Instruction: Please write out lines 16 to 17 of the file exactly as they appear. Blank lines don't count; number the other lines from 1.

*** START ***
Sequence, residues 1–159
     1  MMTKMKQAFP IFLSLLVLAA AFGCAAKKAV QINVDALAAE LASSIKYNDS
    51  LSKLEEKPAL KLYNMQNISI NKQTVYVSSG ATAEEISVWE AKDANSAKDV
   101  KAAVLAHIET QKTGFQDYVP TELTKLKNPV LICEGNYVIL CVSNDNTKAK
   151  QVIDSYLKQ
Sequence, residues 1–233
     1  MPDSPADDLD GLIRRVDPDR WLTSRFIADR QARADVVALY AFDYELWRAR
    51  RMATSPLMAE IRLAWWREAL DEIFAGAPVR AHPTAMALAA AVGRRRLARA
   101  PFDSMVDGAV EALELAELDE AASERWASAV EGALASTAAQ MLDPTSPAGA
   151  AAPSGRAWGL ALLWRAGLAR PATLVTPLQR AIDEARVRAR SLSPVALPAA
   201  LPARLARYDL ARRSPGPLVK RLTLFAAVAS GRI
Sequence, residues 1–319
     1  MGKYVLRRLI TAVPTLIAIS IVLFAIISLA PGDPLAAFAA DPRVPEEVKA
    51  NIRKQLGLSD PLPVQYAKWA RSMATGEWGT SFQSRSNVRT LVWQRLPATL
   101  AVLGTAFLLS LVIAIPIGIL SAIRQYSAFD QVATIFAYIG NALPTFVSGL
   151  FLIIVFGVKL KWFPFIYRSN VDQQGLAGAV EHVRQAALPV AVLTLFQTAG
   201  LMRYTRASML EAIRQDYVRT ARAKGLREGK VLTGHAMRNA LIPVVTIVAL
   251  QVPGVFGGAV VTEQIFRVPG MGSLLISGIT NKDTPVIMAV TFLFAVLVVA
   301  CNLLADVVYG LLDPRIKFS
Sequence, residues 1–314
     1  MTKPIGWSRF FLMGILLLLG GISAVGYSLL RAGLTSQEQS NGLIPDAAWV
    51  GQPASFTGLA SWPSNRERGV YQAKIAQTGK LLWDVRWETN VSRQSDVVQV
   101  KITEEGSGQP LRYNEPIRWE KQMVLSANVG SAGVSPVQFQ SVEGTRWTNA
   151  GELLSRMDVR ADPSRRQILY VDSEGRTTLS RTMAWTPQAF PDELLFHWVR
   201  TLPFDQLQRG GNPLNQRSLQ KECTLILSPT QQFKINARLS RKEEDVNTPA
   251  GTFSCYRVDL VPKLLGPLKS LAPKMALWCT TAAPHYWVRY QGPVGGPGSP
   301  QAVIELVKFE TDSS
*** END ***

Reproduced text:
   151  FLIIVFGVKL KWFPFIYRSN VDQQGLAGAV EHVRQAALPV AVLTLFQTAG
   201  LMRYTRASML EAIRQDYVRT ARAKGLREGK VLTGHAMRNA LIPVVTIVAL